Bowe Bergdahl, the U.S. Army soldier who abandoned his post in Afghanistan in 2009 and was subsequently captured by the Taliban, has pleaded guilty to charges of desertion and misbehavior before the enemy. According to the New York Times, the charge of desertion carries a punishment of up to five years in prison if the military court at Fort Bragg, North Carolina finds Bergdahl guilty. The latter charge, however, could put the sergeant behind bars for life — especially since, as the case against him argues, his desertion “[endangered] the troops who were sent to search for him” during his five years in captivity.
Bergdahl, whose story briefly became the subject of the Serial podcast’s second season in 2015, was rescued from Taliban control by a controversial trade engineered by President Obama’s administration. The U.S. soldier was traded in 2014 for five Taliban detainees previously held at Guantánamo Bay, Cuba. Needless to say, the circumstances of Bergdahl’s trade didn’t sit well with many Americas during the ensuing presidential election. (Donald Trump called him a “traitor,” thereby earning himself a place in Bergdahl’s defense strategy.) This was especially true of rescue operations, which resulted in “serious wounds”:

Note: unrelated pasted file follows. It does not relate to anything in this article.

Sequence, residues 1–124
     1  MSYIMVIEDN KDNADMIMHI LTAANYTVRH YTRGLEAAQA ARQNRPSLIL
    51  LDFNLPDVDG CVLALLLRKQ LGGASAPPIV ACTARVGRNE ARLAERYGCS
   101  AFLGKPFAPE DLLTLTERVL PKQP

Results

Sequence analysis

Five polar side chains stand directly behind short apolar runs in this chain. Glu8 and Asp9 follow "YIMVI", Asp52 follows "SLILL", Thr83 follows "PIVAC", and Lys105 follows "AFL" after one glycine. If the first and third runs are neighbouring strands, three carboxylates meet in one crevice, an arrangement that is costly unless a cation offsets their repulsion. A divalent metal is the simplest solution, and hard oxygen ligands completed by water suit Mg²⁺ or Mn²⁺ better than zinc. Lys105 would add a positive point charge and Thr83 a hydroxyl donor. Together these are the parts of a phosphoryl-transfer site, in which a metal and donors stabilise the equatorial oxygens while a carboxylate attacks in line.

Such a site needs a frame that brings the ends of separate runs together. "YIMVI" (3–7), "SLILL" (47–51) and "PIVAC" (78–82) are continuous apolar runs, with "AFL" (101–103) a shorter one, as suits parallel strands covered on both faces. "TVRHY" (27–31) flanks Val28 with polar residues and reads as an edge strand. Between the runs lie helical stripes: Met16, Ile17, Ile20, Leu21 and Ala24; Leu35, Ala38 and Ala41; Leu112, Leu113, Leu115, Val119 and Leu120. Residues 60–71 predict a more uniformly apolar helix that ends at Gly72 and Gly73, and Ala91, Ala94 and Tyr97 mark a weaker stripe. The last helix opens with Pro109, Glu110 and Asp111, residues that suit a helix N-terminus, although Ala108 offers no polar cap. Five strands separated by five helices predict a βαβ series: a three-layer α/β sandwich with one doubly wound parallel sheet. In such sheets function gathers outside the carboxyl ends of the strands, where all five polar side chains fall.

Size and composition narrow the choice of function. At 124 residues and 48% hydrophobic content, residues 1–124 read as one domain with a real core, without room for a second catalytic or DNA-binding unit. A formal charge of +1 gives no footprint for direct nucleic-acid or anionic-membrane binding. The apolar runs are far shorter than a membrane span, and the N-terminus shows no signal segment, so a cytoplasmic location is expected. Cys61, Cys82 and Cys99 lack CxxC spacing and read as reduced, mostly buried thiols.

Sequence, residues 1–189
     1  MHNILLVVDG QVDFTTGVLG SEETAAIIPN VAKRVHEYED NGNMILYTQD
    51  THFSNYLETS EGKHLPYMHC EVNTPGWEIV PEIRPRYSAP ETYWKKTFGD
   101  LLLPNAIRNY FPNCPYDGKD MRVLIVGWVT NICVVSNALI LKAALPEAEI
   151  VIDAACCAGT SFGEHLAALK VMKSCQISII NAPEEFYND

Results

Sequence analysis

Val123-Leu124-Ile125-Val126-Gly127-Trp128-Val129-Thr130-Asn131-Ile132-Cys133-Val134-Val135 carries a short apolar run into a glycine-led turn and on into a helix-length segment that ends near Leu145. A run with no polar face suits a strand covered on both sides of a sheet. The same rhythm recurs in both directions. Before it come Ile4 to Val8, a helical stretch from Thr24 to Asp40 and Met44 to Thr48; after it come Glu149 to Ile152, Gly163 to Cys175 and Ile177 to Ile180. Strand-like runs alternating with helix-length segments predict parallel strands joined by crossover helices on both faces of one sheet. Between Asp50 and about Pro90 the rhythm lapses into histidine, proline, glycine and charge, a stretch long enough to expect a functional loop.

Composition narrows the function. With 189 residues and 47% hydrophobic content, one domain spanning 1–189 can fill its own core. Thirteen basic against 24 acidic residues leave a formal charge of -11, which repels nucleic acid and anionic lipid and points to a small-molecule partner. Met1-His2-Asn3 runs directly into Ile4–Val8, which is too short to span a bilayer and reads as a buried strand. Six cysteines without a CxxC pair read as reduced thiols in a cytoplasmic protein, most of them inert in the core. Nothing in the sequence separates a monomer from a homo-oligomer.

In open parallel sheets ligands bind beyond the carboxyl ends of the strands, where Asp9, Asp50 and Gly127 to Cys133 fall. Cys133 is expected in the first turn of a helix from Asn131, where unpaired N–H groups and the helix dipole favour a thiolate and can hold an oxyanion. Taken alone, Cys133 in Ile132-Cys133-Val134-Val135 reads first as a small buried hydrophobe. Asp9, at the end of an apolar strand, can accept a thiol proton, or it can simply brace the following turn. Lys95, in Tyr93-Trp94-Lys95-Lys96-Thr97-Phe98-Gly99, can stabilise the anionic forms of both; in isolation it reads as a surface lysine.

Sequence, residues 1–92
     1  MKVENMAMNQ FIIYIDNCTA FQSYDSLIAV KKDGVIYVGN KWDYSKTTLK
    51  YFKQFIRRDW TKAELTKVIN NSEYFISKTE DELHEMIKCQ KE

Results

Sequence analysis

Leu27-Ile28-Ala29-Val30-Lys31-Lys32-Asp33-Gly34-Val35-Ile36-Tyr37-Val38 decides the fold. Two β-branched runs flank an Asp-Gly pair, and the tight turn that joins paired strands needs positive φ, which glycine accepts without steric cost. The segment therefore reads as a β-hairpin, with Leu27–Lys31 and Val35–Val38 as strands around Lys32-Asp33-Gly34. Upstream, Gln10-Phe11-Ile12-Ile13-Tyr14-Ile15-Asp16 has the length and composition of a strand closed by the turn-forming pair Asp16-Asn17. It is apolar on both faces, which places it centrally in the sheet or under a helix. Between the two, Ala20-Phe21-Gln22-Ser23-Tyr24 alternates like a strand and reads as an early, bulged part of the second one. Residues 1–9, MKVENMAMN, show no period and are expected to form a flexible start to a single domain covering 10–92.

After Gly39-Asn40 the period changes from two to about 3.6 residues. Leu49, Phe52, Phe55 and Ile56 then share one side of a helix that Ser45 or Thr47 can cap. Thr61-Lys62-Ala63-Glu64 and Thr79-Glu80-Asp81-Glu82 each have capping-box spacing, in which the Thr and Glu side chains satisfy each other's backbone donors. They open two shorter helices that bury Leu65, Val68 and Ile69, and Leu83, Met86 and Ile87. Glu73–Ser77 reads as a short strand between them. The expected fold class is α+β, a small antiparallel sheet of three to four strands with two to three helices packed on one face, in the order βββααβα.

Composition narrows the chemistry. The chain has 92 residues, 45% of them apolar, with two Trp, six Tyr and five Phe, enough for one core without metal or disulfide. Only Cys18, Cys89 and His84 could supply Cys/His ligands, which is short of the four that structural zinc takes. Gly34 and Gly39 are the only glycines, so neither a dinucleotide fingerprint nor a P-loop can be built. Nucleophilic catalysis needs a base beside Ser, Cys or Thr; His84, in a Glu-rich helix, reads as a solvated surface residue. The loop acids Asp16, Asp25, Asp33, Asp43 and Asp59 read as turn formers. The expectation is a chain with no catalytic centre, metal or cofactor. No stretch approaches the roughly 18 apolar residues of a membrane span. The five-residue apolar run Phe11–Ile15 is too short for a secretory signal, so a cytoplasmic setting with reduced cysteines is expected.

Army prosecutors have argued that Sergeant Bergdahl’s departure forced the military to drastically alter its operations during the manhunt. They also say that two soldiers and a Navy SEAL suffered serious wounds searching for the sergeant in two separate operations.
Defense lawyers have said those injuries cannot be directly tied to Sergeant Bergdahl. Military investigators later found grave faults with the leadership and planning of one mission, they say, adding that evidence indicates that the other mission “targeted a well-known enemy combatant” and thus had a purpose apart from rescuing the sergeant.
Bergdahl’s plea on Monday seems to signal he and his defense team’s desire to move on from these prickly matters. Considering Fox News contributor Tony Shaffer’s contention that the incarcerated soldier is “damaged goods,” and that President Trump should “rethink the deal that was made with the Taliban,” however, it seems not even a guilty plea will appease Berhdahl’s critics.
(Via New York Times)